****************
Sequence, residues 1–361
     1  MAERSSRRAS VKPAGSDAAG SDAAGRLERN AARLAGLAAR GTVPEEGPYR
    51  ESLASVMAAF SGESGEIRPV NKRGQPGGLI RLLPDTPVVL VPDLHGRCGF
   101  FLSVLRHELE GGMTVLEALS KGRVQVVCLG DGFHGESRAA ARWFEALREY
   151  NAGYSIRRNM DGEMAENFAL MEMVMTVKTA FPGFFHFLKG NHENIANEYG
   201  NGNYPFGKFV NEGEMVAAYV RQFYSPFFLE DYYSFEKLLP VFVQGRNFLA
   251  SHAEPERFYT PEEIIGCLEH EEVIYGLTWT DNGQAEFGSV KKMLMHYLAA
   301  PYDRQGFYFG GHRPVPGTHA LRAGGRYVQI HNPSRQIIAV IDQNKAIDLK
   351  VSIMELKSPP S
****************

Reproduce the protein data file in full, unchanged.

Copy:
Sequence, residues 1–361
     1  MAERSSRRAS VKPAGSDAAG SDAAGRLERN AARLAGLAAR GTVPEEGPYR
    51  ESLASVMAAF SGESGEIRPV NKRGQPGGLI RLLPDTPVVL VPDLHGRCGF
   101  FLSVLRHELE GGMTVLEALS KGRVQVVCLG DGFHGESRAA ARWFEALREY
   151  NAGYSIRRNM DGEMAENFAL MEMVMTVKTA FPGFFHFLKG NHENIANEYG
   201  NGNYPFGKFV NEGEMVAAYV RQFYSPFFLE DYYSFEKLLP VFVQGRNFLA
   251  SHAEPERFYT PEEIIGCLEH EEVIYGLTWT DNGQAEFGSV KKMLMHYLAA
   301  PYDRQGFYFG GHRPVPGTHA LRAGGRYVQI HNPSRQIIAV IDQNKAIDLK
   351  VSIMELKSPP S